In this blog post, a part of my deep dive series, I will focus on Degenerate Dimensions in this post.
When introducing the concept of dimensional modeling, I like to compare it to the English language. I start with dimensions, which are essentially nouns (person, places, things, concepts, or ideas). The dimensions are containers of adjectives, describing the dimension (noun). Facts are actions (verbs) that connect two or more dimensions.
Degenerate Dimensions, as the name implies, are those dimensional attributes that lack the distinctness of structure found in regular dimensions. Degenerate dimensions are those attributes that do not fit into any single dimension table and, therefore, only exist as a key value in a fact table used for filtering queries. This is somewhat contrary to dimensional modeling, and therefore we need to understand the reason for the degenerate dimension and when we should use this concept.
Let’s review the definition I have provided above. First, degenerate dimensions are dimensional attributes. That means these attributes are descriptive of a dimension and can be used to filter the fact table. The next part of the definition, that lacking the distinctness of structure, is where we see the separation from a typical dimensional attribute. A revised way to look at this is everything about the degenerate dimension is contained in the attribute; therefore, it would be a dimension table with a single key attribute. Finally, the definition includes by stating it is used in fact tables for filtering, grouping, and sorting. As we can see, this attribute is needed in the fact table because it provides all of the abilities a normal dimensional attribute allows.
Believe it or not, Degenerate Dimensions are relatively common and occur in the most basic of dimensional models. Let’s look at the conceptual data model for an order/invoice. For a purchase, we would have a Customer (dimension) who placed an Order (fact) via an Invoice (dimension) for a Product (dimension) (see figure 1.)
From a conceptual point of view, we are fine. It all works as planned, no issues.
Let’s move to a logical model (see figure 2.)
OK, I can easily define the customer and product dimensions, but I have a challenge finding attributes for the invoice dimension. All I could come up with is the Invoice Number and an Invoice Line Number. Well, that would make the dimension as deep as the fact table, so what value is a dimension with attributes that cannot live outside the fact? Answer: none. Therefore, I need to consolidate the Invoice Number and an Invoice Line Number into the Order fact as degenerate dimensions (figure 3.)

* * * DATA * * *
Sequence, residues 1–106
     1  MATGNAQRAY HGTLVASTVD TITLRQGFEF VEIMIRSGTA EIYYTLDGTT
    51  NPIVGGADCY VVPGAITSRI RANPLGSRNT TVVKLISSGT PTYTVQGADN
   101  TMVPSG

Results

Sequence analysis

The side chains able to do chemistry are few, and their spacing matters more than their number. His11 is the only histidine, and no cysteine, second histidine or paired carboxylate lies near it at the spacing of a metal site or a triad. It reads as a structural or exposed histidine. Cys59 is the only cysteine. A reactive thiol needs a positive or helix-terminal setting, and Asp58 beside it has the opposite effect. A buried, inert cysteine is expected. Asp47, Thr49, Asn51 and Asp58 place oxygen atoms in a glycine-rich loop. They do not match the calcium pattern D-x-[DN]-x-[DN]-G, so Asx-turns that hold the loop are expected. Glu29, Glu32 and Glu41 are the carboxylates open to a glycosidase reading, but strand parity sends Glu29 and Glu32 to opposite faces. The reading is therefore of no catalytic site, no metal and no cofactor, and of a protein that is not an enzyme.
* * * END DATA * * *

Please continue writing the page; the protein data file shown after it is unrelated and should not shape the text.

Now that I have moved the Invoice Number and an Invoice Line Number into the fact, I see that I have reached an optimal solution to my modeling challenge. I can still easily find all of the sales by customer and product. I can also easily filter, group, and sort what was purchased together in a single transaction via the invoice number.
Let’s look at another example. A long time ago, I worked for a large insurance company. As we all know, insurance companies sell policies on which claims are made. When we modeled out the requirements conceptually, we had something like this for an insurance claim (figure 4.)
But when we moved to a logical perspective, we modeled it this way (figure 5.)
As you can see, the claim dimension is a degenerate dimension because everything we want to associate with the claim is found in the fact, leaving the claim dimension with only a claim number. We decided to model it this way because we didn’t want to snowflake claim type from the claim dimension. That left us with only a claim number in each of these dimensions; therefore, we made this attribute a degenerate dimension. Our decision to use a degenerate dimension provided for faster query response.
In conclusion, Degenerate Dimensions are references to the operational world and are useful in filtering, grouping, and sorting facts. You always need to be careful when implementing degenerate dimensions and follow the process I describe above. Remember, degenerate dimensions are not a panacea, and the misuse of degenerate dimensions can lead to unnecessary use of space and poor performing queries.